During the pandemic, Asian Australians also reported increased experiences of racism — particularly in the Chinese community.
“During COVID, Australia wasn’t terribly welcoming and that did not go unnoticed overseas,” Dr Allen said.
“It will take some time for Australia to rebuild its reputation and to once again show the world that it is a welcoming place.”
City dwellers fleeing for the regions
While Melbourne’s population is expected to keep growing after the pandemic downturn, regional Victoria is experiencing that change now.
Victoria’s idyllic Surf Coast, taking in beach towns like Torquay and Lorne, has seen the flip side of population change.
The LGA grew by more than 1,500 residents — or 4.4 per cent — in a year.
A combination of factors brought about by the pandemic led Vanessa Borg to start building her first home in Torquay towards the end of 2020.
She grew up in Melbourne’s west, but moved to Geelong a year before the pandemic hit for work.
“Because of the pandemic, I couldn’t go anywhere. I was able to save a lot more, I got very lucky — I didn’t lose my job,” she said.
“It kind of geared me in towards looking for a home sooner than I thought I would be able to.”
Vanessa Borg is building a home in Torquay.(Supplied)
Because of the “ring of steel”, which separated metropolitan Melbourne from regional Victoria during the height of the pandemic, Ms Borg could not travel to Melbourne from Geelong to look at homes.
“But I could go anywhere in regional Victoria,” she said.
She found a property in Torquay by the beach that was within her price range and a relatively short commute from her work in Geelong — which allows her to work from home a few days a week.
Ms Borg received $45,000 in total from the the state government’s first home owner’s grant — which incentivised buying in the regions — and the federal government’s home builder grant.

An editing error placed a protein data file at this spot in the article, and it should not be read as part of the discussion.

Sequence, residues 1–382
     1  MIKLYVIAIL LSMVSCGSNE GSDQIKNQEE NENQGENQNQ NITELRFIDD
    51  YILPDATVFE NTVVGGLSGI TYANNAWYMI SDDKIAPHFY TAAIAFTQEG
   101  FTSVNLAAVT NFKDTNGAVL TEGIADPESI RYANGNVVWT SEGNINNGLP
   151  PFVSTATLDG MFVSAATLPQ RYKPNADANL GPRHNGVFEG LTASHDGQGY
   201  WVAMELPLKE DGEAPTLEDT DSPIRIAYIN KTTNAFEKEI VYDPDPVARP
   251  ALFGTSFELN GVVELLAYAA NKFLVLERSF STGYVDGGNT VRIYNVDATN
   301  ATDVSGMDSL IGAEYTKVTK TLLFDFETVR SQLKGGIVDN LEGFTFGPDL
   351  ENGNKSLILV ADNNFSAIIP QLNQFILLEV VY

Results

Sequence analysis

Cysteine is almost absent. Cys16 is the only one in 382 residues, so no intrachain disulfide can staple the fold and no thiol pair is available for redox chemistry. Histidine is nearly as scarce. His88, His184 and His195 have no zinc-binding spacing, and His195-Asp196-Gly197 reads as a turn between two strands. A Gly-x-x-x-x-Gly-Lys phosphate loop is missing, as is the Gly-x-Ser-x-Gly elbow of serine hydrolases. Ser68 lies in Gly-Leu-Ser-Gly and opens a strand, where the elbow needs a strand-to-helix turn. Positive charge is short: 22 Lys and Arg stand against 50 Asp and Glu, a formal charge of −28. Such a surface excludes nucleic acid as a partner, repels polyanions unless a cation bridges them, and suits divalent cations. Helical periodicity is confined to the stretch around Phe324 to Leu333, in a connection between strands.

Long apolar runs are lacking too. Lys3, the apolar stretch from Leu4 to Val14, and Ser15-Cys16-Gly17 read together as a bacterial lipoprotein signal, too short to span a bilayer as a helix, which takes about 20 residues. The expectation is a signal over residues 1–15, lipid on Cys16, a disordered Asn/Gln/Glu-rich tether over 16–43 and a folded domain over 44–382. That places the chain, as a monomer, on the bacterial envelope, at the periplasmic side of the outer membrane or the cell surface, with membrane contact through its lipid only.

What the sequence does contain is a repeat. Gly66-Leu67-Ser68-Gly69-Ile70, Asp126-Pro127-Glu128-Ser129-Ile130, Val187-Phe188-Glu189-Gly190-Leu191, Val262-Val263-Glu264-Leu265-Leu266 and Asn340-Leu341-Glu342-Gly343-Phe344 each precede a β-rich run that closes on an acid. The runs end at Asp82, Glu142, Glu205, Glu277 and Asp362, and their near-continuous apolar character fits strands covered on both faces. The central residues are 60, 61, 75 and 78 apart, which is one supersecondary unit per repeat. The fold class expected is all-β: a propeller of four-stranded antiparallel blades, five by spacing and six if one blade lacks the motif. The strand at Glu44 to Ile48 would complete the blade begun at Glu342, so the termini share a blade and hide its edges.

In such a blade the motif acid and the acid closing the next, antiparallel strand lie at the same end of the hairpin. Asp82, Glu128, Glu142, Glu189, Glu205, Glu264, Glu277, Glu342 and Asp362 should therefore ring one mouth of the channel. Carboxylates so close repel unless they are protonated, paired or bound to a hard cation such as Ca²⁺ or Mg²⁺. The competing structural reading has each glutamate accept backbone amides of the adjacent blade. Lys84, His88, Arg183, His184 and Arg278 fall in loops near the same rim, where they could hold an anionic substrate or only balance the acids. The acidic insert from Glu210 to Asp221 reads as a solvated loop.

One of the reasons she is building in Torquay is because it was cheaper than buying in Melbourne, where the median house price was over $800,000 in March.
“The cost is mind blowing — it really it would hurt my pocket and my soul to be buying anywhere near Melbourne,” she said.
Locals in coastal towns have warned tourism and sea-changers are putting pressure on the cost of living, but Dr Allen said this was more to do with investors and developers looking to “amass wealth” than growing populations.
Governments must ‘properly invest’ in growing regions
Lisa Newton, the owner of Dustys Bulk Foods in Torquay, can see the benefits of a growing population.
“I speak to at least one to two people every few days saying they’ve just made the move to Torquay or surrounds,” she said.
She said business was booming thanks to the new arrivals, and the new residents have been well received.
“The growing population is so great for small businesses like ours.”
Dr Allen said governments needed to invest in growing regional Australia, given the “enormous disparities” in education, employment and health outcomes.
“People can live less of a life, in terms of years, beyond city limits in Australia,” she said. “That’s an enormous failing and we need to address that.”
“[Politicians] need to properly invest in regional areas, not just in the economic industries of an area but the social infrastructure — the people, the humanity, that makes these areas,” she said.
Mr Wilson said investment in infrastructure, transport and housing will also be vital in Melbourne as it continues to take in more residents.
“Often, it’s been said that Australian cities have got too many people, but perhaps it’s more the case that they don’t have the infrastructure for the current population,” he said.
“We need to make sure that we’re we’re planning for that population growth in the future.”